Police Scotland website fault limits public’s ability to report crime

The Police Scotland logo and name on a sign fixed to a brick wall. A woman walks past it to the right, facing away from the camera.
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A fault with the Police Scotland website has severely limited members of the public from reporting crimes against them.

The force’s online form for reporting non-emergency crimes is limiting users’ ability to describe their cases with a maximum character limit of just 50.

The form’s user interface indicates to users that they have a 2,000-character limit for each text field in which they can provide details about the nature of the crime, the time and location of the crime, and any known suspects.

2,000 characters equate to approximately 300-400 words of information, limiting the public from adequately reporting crimes.

A character counter above each field confirms this, as it states users have ‘1950 characters remaining’ despite it being impossible to enter any further characters into the field.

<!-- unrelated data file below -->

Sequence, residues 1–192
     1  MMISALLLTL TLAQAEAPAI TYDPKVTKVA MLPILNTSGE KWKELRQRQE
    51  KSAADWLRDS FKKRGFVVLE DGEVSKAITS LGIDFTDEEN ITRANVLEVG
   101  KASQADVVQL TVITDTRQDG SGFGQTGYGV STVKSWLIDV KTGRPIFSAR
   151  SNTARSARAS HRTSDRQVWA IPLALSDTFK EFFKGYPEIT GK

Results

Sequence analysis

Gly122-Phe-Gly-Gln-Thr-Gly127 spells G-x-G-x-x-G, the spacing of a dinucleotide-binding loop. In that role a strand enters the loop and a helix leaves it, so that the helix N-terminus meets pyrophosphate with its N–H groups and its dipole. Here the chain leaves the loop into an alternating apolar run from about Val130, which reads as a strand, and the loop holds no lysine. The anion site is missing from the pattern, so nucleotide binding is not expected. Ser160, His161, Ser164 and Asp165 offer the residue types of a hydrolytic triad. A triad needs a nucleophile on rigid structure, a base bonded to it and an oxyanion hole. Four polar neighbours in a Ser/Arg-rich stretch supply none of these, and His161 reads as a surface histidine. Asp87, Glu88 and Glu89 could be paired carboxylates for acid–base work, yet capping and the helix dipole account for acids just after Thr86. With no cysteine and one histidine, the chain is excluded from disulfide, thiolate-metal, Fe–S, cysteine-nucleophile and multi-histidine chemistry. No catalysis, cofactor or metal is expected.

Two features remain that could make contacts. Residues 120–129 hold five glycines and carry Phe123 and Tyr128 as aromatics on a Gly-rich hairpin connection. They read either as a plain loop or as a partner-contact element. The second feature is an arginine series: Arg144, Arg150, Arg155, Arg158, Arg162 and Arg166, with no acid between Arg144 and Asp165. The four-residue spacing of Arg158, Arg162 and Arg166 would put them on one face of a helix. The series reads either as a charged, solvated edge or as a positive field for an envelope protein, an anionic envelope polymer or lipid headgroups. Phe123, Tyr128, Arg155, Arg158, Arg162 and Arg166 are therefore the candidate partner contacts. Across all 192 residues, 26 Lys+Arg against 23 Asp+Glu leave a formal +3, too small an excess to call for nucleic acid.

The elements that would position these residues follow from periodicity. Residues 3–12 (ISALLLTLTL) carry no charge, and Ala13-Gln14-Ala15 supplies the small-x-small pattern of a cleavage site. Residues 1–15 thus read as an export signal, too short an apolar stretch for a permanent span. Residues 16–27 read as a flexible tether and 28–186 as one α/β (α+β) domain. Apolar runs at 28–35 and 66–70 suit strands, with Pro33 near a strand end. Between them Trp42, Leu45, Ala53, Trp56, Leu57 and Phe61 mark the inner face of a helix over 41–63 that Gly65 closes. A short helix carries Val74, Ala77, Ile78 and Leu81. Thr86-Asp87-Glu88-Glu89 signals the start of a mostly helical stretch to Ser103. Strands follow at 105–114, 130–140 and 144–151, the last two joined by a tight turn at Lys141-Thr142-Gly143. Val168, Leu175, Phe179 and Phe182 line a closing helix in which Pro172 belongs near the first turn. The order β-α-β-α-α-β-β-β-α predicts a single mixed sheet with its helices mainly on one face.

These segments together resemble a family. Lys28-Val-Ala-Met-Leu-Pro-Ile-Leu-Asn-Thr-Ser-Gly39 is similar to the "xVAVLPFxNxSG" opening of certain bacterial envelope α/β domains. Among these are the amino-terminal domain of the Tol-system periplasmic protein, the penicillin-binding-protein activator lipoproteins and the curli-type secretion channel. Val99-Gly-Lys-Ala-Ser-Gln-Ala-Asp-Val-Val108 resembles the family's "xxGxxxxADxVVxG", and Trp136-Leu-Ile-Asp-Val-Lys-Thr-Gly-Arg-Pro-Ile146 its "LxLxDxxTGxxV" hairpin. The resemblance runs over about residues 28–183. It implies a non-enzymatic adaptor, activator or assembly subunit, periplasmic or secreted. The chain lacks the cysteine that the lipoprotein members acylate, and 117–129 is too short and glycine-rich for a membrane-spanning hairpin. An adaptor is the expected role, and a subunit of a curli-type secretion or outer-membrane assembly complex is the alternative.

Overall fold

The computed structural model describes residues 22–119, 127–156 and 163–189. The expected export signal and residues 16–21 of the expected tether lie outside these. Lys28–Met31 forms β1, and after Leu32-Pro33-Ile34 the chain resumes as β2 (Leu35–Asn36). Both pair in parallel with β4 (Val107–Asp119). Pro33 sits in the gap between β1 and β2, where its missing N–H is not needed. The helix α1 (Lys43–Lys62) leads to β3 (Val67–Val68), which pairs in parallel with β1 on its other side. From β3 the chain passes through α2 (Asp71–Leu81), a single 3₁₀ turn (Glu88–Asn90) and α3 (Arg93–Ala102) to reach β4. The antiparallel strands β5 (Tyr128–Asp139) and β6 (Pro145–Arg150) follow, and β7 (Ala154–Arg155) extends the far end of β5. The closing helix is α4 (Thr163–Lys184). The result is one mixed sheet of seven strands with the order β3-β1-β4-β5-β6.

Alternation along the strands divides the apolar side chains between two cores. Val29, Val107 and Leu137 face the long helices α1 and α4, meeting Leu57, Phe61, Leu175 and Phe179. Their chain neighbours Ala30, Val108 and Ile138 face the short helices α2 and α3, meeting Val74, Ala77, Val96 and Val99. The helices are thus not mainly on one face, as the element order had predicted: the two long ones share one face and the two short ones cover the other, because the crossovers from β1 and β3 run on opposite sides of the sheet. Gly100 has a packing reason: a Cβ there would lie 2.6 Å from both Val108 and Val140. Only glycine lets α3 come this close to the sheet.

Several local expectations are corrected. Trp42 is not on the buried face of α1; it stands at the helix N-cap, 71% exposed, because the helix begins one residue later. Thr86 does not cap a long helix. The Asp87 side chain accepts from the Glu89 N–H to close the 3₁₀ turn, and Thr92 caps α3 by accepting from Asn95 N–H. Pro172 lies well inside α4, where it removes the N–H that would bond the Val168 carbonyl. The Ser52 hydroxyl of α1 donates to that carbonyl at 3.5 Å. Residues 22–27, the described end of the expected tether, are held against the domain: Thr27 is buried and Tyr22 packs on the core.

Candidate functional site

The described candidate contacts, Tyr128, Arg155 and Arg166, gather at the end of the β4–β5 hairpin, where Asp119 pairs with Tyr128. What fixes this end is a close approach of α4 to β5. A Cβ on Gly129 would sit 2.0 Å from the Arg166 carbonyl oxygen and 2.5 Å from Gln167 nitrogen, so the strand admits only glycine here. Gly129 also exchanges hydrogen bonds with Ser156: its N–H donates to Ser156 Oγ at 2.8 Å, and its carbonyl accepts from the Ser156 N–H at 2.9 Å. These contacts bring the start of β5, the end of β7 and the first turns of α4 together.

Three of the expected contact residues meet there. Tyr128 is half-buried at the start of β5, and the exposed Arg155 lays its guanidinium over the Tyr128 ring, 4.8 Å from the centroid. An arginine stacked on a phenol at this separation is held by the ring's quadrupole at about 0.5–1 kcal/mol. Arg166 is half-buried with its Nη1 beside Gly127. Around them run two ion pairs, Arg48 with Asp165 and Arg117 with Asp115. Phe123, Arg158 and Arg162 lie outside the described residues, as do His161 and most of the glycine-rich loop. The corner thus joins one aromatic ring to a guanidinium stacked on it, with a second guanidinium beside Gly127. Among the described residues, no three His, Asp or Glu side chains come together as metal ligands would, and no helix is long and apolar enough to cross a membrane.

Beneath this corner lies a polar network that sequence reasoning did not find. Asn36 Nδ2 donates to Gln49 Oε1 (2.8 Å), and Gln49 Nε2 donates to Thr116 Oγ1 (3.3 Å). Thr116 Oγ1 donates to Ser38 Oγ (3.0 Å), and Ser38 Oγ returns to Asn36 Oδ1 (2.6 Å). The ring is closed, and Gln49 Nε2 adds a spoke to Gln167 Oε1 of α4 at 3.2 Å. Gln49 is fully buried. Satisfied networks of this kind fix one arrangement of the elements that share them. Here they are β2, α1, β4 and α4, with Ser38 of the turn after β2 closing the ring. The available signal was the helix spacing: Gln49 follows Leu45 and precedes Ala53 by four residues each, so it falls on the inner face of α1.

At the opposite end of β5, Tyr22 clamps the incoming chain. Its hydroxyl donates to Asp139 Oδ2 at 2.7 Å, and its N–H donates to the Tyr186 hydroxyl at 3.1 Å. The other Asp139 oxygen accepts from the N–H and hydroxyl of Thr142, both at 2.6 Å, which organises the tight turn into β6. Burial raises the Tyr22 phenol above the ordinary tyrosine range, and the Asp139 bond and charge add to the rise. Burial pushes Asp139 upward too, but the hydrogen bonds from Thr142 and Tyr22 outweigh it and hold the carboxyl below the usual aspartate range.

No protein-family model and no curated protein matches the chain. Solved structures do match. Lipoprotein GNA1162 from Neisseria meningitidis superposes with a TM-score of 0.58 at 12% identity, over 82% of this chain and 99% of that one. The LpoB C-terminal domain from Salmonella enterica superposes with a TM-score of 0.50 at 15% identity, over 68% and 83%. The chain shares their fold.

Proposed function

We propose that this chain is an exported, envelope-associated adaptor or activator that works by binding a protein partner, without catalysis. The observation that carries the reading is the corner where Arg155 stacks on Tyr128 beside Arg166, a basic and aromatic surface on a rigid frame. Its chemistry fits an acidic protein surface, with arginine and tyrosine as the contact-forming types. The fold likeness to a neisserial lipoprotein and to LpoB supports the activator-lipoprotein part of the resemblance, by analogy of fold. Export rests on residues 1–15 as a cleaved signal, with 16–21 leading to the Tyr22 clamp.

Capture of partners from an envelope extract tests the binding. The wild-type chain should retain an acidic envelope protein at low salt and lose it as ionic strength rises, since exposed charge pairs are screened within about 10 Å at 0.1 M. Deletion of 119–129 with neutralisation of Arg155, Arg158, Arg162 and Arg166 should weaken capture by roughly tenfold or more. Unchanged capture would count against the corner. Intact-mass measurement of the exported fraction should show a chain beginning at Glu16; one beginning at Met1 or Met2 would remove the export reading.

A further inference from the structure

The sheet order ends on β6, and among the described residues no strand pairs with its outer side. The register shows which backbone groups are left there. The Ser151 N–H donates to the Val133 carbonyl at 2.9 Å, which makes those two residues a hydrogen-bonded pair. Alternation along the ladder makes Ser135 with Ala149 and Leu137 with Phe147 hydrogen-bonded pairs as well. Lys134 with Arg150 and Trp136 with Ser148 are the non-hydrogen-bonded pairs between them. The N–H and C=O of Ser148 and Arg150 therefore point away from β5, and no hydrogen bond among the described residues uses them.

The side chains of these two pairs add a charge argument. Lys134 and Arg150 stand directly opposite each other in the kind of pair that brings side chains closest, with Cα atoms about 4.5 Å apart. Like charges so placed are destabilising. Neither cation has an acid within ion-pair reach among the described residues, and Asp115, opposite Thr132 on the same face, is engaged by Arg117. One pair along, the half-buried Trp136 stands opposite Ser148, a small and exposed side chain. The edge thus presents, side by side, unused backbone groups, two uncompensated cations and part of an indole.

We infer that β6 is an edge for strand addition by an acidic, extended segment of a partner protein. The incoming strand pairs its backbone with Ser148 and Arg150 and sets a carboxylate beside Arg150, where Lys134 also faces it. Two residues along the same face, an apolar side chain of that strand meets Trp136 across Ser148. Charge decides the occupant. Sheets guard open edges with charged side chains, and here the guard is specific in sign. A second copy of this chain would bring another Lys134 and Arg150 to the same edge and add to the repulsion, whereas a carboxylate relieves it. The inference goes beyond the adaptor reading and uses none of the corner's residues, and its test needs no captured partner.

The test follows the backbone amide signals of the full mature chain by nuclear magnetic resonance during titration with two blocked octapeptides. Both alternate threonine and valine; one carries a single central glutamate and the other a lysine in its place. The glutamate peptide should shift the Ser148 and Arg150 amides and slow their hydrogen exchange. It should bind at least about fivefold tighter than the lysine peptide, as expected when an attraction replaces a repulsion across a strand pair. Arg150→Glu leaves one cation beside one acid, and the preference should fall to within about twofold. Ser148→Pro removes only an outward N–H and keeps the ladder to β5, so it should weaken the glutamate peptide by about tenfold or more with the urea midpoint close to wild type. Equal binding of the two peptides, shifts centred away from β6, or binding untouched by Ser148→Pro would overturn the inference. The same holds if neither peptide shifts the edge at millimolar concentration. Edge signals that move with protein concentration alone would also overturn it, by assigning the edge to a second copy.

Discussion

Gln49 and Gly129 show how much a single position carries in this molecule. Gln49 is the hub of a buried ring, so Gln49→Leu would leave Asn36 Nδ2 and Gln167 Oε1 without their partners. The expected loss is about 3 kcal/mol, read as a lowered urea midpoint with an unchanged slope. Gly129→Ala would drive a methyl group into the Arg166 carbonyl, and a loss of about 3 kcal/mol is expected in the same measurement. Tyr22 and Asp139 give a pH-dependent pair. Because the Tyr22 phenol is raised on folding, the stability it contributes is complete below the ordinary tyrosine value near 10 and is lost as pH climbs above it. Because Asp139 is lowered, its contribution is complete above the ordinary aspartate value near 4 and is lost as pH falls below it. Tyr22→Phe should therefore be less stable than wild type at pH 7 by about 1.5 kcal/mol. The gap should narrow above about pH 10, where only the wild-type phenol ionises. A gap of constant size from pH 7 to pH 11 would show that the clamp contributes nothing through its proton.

Police Scotland told ITPro that it was unaware of the issue but has now been flagged to its IT team for review.

The precise cause of the issue, which users seemingly cannot circumvent or remedy, is unclear.


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At the time of writing the issue is still live, and could effectively prevent victims of crimes including but not limited to hate-related incidents, stalking, or harassment from providing the full details of crimes via the form.

The error affects users who indicate that they are reporting a crime of which they were the victim, but does not affect those who indicate they are reporting a crime on behalf of someone else.

Users who indicate they are reporting a crime that is not among the eight listed in the drop-down menu at the top of the form are directed to call 101 or use Police Scotland’s online contact form, which is not experiencing any errors.

Rory Bathgate
Features and Multimedia Editor

Rory Bathgate is Features and Multimedia Editor at ITPro, overseeing all in-depth content and case studies. He can also be found co-hosting the ITPro Podcast with Jane McCallion, swapping a keyboard for a microphone to discuss the latest learnings with thought leaders from across the tech sector.

In his free time, Rory enjoys photography, video editing, and good science fiction. After graduating from the University of Kent with a BA in English and American Literature, Rory undertook an MA in Eighteenth-Century Studies at King’s College London. He joined ITPro in 2022 as a graduate, following four years in student journalism. You can contact Rory at rory.bathgate@futurenet.com or on LinkedIn.